On 5 May 1835, three passenger trains set off from the north of Brussels in the direction of Mechelen; they left from Allée Verte station, the departu
Hidden in a wood near the small isolated village of Brûly-de-Pesche, not far from the French border, is what was commonly known during the Second World War as "Adolph Hitler's Bunker".
This is a twenty-kilometre hike, partly through the remains of a flourishing industrial period, and partly through nature.
Exactly 150 years after the disappearance of the last wolf in Flanders, a new specimen appeared in North Limburg on 3 January 2018: Naya. The wolf is back – and, most likely, here to stay.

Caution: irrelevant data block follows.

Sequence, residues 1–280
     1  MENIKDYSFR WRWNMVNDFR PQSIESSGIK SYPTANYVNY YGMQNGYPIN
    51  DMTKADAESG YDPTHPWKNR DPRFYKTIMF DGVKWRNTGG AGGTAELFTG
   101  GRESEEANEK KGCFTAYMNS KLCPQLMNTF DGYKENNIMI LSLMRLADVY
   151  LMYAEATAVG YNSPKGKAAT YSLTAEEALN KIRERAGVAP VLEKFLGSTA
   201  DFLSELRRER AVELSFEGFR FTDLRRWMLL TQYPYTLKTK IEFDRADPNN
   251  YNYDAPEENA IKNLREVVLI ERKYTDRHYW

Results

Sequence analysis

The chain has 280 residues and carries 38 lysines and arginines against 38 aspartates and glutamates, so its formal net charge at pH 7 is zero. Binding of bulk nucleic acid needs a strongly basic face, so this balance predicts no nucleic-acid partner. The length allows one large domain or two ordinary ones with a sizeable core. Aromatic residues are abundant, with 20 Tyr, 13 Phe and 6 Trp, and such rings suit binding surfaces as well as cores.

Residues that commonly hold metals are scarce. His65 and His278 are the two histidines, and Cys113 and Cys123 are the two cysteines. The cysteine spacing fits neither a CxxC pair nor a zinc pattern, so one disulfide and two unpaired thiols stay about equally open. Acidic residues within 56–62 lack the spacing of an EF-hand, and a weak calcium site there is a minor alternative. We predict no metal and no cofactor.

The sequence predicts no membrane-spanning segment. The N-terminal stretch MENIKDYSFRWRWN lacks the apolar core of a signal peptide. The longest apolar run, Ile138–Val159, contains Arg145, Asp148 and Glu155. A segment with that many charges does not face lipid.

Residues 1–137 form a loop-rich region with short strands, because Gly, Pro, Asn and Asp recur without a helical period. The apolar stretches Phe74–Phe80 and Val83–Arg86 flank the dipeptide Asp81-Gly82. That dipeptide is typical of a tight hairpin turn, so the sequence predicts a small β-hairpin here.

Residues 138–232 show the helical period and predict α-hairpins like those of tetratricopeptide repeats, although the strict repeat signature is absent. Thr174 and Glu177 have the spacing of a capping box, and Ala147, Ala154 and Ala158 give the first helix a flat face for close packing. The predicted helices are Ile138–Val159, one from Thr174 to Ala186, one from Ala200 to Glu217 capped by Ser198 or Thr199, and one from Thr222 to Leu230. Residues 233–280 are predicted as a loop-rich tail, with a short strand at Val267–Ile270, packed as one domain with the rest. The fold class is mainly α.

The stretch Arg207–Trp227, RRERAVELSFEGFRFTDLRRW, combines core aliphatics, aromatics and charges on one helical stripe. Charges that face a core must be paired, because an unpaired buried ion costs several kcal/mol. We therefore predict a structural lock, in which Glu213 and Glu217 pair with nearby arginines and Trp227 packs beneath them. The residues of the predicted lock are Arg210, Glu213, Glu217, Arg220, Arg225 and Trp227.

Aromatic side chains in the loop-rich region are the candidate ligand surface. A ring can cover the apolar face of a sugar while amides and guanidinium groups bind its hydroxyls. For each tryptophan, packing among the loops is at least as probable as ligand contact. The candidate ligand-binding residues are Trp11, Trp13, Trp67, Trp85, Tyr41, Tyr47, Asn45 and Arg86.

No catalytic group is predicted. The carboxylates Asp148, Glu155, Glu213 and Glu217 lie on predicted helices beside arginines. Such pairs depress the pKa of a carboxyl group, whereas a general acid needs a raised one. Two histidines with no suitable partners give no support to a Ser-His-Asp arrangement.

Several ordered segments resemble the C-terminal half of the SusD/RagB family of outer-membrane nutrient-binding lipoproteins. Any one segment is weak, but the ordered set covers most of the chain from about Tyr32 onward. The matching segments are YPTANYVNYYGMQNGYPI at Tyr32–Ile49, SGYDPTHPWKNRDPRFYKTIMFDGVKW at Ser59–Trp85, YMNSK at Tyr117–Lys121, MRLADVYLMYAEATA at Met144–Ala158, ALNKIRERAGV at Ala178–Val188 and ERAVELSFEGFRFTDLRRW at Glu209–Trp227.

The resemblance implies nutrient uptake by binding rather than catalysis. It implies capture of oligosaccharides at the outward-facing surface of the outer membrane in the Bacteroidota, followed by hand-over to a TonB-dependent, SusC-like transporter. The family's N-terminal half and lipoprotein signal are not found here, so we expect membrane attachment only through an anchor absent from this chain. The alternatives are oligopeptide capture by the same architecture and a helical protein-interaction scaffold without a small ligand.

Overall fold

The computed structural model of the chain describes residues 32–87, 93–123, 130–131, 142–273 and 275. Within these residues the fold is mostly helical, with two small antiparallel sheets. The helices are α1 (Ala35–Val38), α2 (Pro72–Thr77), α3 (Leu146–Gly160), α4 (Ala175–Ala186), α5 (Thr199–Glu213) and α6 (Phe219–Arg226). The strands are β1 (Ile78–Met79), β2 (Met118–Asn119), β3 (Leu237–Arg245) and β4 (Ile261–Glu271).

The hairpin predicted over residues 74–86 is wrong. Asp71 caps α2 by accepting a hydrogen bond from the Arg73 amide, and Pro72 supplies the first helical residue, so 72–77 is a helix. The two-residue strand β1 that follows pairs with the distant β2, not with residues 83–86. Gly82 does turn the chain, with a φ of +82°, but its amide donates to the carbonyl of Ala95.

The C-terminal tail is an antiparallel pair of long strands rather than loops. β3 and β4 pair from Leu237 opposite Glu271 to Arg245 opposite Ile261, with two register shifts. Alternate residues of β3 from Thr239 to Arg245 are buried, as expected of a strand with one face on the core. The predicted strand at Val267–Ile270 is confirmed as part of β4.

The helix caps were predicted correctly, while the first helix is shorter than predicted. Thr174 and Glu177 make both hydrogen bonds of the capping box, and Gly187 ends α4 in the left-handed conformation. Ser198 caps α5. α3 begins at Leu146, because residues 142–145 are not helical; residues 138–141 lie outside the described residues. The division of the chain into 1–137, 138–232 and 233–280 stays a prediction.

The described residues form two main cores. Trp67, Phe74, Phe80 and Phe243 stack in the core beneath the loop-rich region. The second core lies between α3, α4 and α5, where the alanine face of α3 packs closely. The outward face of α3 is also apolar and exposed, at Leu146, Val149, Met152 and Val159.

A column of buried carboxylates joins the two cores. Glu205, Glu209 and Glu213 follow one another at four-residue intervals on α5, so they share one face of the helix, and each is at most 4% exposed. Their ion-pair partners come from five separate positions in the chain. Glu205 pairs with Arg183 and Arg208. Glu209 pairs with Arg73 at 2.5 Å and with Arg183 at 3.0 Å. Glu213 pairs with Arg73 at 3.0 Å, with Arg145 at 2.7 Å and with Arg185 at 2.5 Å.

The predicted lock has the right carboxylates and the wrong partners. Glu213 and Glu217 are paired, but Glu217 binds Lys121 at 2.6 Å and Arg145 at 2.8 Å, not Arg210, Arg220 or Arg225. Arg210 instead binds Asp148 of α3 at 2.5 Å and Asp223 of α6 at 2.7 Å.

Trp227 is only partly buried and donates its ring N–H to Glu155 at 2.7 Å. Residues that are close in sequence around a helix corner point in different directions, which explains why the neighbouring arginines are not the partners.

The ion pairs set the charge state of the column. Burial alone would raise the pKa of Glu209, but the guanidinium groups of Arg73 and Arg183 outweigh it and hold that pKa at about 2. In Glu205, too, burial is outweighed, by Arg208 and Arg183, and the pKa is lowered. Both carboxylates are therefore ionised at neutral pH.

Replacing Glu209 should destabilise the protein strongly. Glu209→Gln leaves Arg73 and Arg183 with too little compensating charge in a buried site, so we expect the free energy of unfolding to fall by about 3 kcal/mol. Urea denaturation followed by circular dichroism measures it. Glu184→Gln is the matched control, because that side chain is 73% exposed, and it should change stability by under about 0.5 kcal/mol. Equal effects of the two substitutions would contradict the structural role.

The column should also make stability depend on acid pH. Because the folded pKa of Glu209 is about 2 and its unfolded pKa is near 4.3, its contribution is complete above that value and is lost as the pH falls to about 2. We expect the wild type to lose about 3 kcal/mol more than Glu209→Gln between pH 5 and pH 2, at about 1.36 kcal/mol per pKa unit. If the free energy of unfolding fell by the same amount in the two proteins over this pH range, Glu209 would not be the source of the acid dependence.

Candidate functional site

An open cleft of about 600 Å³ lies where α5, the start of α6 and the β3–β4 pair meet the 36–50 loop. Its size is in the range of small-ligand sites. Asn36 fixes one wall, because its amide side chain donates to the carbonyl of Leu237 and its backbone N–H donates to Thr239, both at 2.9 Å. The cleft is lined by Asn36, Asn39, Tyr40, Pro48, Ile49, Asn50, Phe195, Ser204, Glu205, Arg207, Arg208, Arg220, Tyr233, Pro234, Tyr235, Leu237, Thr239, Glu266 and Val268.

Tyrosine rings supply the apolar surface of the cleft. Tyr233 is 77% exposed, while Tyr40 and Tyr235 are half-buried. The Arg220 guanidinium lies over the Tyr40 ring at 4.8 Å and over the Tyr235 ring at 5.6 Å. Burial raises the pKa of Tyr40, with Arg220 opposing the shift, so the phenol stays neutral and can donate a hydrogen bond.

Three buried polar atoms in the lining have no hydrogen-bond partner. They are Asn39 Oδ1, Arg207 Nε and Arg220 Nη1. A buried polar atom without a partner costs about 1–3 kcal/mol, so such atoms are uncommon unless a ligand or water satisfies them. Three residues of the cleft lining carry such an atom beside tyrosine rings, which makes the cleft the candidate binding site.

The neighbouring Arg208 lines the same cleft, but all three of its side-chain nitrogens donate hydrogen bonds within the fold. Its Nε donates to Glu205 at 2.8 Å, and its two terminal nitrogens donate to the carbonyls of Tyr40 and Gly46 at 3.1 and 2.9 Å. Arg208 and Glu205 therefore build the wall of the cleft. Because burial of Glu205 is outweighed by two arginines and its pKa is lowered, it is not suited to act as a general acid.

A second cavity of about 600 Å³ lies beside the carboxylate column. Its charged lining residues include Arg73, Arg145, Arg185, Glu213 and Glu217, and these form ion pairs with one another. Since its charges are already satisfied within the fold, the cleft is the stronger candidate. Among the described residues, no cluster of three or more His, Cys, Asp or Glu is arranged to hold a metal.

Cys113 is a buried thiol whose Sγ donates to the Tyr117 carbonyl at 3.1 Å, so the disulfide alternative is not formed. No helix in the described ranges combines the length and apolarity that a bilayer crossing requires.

On the corner of Avenue Louise and Avenue Émile De Mot in Brussels, a skyscraper draws all the attention. Especially now that mountaineers have recreated it in Europe's largest mural.
When we talk about nature reserves, we do not immediately think of Brussels.